Live Online Auction, Through Saturday, Will Benefit Kidzu

This week, Kidzu Children’s Museum is holding an online auction – the first it’s ever done – with four “one-of-a-kind” experiences up for grabs.

It’s the “Spark: Ignite the Night” spring benefit auction. Items for auction include a private wine tasting with Fearrington House wine director Maximilian Kast; a pop-up party for 10 with food from Bill Smith of Crook’s Corner; a private class on scotch whiskey from Gary Crunkleton; and a “lifetime” (10 years) membership at Kidzu Children’s Museum. Proceeds benefit programs at Kidzu Children’s Museum, located in University Place.

Kidzu development director Kate Sullivan joined Aaron Keck on WCHL to discuss the auction.


The auction runs through noon on Saturday, May 21.

Get more information about the auction items here.

Click here to bid.

Lisa Van Deman: Hometown Hero

Lisa Van Deman is Wednesday’s Hometown Hero.

She is the executive director Kidzu Children’s Museum.

Lisa describes Kidzu as “8,500 square feet of awesome.” It is a hands-on museum dedicated to inspiring young children and the adults in their lives to learn through creative play.  The museum is located at University Place.

Visit their website for more information.

You can nominate your own Hometown Hero.  WCHL has honored local members of our community everyday since 2002.

Kidzu Re-opens With New, Larger “Launch Pad”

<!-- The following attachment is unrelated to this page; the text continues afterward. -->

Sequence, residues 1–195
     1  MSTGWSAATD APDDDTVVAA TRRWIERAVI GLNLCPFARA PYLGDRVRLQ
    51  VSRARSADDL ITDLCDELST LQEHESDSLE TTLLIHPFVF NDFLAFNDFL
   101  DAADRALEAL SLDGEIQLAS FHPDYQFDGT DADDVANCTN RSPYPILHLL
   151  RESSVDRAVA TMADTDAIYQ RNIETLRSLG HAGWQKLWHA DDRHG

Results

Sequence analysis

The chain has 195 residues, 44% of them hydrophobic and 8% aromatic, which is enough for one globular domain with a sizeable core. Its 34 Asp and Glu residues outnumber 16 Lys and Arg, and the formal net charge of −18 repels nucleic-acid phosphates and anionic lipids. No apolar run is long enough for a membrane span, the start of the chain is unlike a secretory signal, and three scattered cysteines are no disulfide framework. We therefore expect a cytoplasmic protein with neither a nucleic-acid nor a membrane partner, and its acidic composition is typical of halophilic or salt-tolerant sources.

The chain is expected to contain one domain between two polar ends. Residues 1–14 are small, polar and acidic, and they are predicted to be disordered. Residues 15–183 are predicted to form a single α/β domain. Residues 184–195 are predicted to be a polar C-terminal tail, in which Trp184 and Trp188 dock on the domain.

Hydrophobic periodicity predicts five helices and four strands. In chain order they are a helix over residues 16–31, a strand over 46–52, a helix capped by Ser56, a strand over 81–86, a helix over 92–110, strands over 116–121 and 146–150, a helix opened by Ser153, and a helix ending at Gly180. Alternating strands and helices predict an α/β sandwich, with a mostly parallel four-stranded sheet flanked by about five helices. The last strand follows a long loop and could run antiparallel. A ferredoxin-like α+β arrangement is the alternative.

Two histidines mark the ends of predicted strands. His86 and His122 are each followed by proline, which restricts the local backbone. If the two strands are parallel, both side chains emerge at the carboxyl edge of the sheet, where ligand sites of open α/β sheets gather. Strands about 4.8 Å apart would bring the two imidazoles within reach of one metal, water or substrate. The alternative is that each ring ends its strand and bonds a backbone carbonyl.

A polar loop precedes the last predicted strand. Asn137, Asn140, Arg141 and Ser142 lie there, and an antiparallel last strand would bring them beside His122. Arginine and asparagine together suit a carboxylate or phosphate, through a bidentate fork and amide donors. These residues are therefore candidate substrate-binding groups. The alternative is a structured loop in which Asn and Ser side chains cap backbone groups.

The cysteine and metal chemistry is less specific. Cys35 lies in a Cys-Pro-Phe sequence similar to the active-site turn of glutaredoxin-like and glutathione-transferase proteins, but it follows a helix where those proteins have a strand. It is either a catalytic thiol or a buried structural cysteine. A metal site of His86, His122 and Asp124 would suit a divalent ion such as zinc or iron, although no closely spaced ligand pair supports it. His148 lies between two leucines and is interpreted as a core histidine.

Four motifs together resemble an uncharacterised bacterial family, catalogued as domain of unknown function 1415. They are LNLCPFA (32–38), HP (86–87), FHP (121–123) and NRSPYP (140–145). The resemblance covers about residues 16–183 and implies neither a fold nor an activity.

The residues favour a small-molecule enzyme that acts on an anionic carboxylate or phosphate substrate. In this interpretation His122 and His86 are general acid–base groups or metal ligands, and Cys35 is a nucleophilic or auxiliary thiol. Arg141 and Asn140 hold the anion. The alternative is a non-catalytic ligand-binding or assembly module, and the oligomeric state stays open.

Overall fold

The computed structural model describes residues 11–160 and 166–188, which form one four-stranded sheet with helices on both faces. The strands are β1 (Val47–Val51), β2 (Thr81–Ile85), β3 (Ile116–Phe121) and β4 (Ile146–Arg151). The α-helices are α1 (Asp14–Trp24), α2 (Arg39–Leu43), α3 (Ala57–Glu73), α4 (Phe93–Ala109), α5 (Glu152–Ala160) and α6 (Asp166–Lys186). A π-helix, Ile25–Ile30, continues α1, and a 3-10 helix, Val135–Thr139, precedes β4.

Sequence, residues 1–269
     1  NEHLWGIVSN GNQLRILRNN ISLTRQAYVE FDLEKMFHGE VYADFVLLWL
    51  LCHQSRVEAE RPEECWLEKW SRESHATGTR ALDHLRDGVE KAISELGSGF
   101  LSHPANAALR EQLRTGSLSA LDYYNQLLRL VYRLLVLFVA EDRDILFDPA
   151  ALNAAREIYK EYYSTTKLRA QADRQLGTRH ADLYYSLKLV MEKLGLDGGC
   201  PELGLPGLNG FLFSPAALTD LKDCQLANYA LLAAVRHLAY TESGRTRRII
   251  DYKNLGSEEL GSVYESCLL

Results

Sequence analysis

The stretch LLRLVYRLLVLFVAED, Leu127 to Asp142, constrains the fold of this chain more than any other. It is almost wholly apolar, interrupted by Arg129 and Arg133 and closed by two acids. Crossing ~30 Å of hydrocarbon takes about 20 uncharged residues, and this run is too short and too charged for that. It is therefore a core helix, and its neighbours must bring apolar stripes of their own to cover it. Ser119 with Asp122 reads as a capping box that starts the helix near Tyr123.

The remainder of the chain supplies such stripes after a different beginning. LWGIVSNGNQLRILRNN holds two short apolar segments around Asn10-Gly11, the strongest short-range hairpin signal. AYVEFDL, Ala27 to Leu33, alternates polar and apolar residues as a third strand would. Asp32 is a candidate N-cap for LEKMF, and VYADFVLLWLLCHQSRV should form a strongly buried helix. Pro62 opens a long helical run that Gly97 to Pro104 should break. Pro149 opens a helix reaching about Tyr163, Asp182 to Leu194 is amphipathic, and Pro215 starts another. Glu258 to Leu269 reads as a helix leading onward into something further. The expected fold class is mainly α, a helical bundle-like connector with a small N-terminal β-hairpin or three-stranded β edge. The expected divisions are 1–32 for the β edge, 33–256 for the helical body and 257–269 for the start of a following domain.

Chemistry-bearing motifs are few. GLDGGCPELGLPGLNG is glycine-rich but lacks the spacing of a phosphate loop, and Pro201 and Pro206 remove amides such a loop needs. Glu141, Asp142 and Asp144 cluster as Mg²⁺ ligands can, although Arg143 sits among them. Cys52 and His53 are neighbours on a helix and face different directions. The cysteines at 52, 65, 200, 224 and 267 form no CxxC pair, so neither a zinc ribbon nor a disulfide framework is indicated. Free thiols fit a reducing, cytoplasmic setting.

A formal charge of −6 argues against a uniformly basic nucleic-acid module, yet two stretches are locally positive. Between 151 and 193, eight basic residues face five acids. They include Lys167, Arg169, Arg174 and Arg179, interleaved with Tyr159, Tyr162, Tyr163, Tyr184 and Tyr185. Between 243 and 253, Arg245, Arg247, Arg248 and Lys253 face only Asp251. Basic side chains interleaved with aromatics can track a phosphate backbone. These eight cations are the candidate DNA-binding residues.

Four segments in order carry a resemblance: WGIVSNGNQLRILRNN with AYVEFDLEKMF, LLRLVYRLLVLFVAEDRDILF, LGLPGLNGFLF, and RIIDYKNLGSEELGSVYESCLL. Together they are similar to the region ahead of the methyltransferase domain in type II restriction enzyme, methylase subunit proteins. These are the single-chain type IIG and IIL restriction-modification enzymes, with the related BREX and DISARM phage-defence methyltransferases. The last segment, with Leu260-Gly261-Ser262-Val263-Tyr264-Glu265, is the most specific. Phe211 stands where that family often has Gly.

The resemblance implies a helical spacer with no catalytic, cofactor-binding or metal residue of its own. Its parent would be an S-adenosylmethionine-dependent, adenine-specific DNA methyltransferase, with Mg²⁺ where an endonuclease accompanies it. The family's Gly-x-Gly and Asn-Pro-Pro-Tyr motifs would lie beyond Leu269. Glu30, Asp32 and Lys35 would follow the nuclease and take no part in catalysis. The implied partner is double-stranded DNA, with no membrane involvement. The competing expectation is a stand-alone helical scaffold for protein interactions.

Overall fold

If you’ve ever been to Kidzu Children’s Museum, you probably remember familiar exhibits such as the Gravitron and the Makery, but Director of Education Lisa Van Deman says the new Kidzu Launch Pad at University Mall is unlike anything that’s come before.

“We’re 8,500 square feet of awesome.” Kidzu Treehouse

In addition to old favorites, there’s a two-and-a-half story tree-house that fills the museum, as well as the climbing wall Van Deman says parents have been clamoring for:

“’It’d be great if Kidzu had a climbing wall.’ ‘Would you consider having a climbing wall?’ ‘My kid loves to climb.’ So, in answer to our community, we’ve worked with a company called Progression Climbing, and we’ve created this awesome climbing wall,” says Van Deman.

Visitors will find new niches like the Discovery Den, a quiet nook for children who might need a break from the hustle and bustle of the museum.

“This is a nice place for children to come and snuggle in,” says Van Deman. “There’s puppets, there’s tactile activities, and textures.”

And there are expanded exhibits like the Forest Theater play space.

“We are saluting the Forest Theater on UNC’s campus with our own Forest Theater,” says Van Deman. “Our exhibit curator has a friend who had worked for Ralph Lauren and is now living down here in the Triangle. She offered to make our costumes for us, so we have designer costumes.”

Van Deman says what sets Kidzu apart from other children’s museums is its connection to the local community.